Wednesday, September 30, 2015

The Importance of Bee Health to Sustainable Food in Canada

The Importance of Bee Health to Sustainable Food in Canada is a report put out by the Standing Senate Committee on Agriculture and Forestry (May 2015). The purpose was to hear witnesses’ perspectives on the challenges facing bee health and how governments can help stakeholders address these challenges. The Senate offers nine recommendations.
Read the report here.

Friday, September 25, 2015

A Chat with Pollination Biologist and Farmer, Susan Chan

Susan Chan is coming back to town for Disappearing Act: part 2! Pollination biologist and practicing agriculturalist, I caught up with Susan, before her talk on Oct 27th.

What comes first for Susan, pollinators or growing food locally?
“The two are intrinsically intertwined,” she replies.
Susan is interested in food for humans, but also food for everyone else—that is, for all creatures and plant reproduction, since plants are the first layer of our food chain.
A self-proclaimed “whole system thinker,” Susan believes that the healthier the whole system is, the more resilient we are as communities. “The way to be more resilient is to have a whole bunch of players in the field,” she says.

About twenty-five years ago, Susan became interested in the honeybee while studying with Peter Kevan (University of Guelph).  She describes Peter as being “ahead of his time.” He pointed out that we couldn’t have food production predicated on one pollinator—the honeybee, which is not even native to this country. He pushed the Ministry of Agriculture to do more for native bees.

This opened up a whole new interest for Susan: solitary bees and pollinators. One particular bee caught Susan’s attention—the squash bee (now her area of expertise). The squash (and pumpkin) bee is a specialist bee at particular risk from neonicotinoids.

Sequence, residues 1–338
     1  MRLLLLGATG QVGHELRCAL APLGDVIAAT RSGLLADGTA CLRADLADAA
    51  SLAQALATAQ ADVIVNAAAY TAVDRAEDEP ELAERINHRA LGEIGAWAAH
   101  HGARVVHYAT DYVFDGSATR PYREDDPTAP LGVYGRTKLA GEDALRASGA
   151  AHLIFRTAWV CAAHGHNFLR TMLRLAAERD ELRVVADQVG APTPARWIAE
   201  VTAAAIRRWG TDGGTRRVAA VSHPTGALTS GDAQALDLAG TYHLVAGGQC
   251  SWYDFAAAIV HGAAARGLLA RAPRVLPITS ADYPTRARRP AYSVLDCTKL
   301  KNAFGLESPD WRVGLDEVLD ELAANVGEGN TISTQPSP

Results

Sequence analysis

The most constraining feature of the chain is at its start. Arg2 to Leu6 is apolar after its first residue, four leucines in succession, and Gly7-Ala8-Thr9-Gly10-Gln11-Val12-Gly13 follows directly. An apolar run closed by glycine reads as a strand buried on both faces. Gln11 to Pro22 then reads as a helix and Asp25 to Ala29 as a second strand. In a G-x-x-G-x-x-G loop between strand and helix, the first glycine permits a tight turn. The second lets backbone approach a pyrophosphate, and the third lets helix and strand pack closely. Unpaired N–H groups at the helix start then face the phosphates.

Why the draw, I ask Susan? “I fell in love with it. It’s a very gentle, beautiful bee, with a very interesting life. I feel like I didn’t have any choice; this is what I had to do. It chose me.”

 “Bees are a poster child but they are representing a bigger size of the pie, this is an insecticide that kills all insects,” Susan points out.

I ask whether she is working with the Aboriginal/First Nations community in any capacity. Susan tells me that in fact, the squash bee is a “First Nations’ bee,” belonging to Indigenous culture, and originating in Central America thousands of years ago. It followed their activities and cultivation to Canada: “It’s an immigrant, like the rest of us.”

 "Susan reports that she had the opportunity to speak to a group of First Nations people (Association of Iroquois and Allied Indians, AIAI) in partnership with Farms at Work for the Kanienkeha:ka (Mohawk) Flint Corn Seed-Saving & Education Project and is keen for their support in seeing the squash bee established at permanent nesting sites. “It could be a First Nations’ symbol,” Susan muses."

Thursday, September 17, 2015

How to Harvest Milkweed

Neat post at Monarch Butterfly Garden on how to harvest milkweed (it's that time of the year).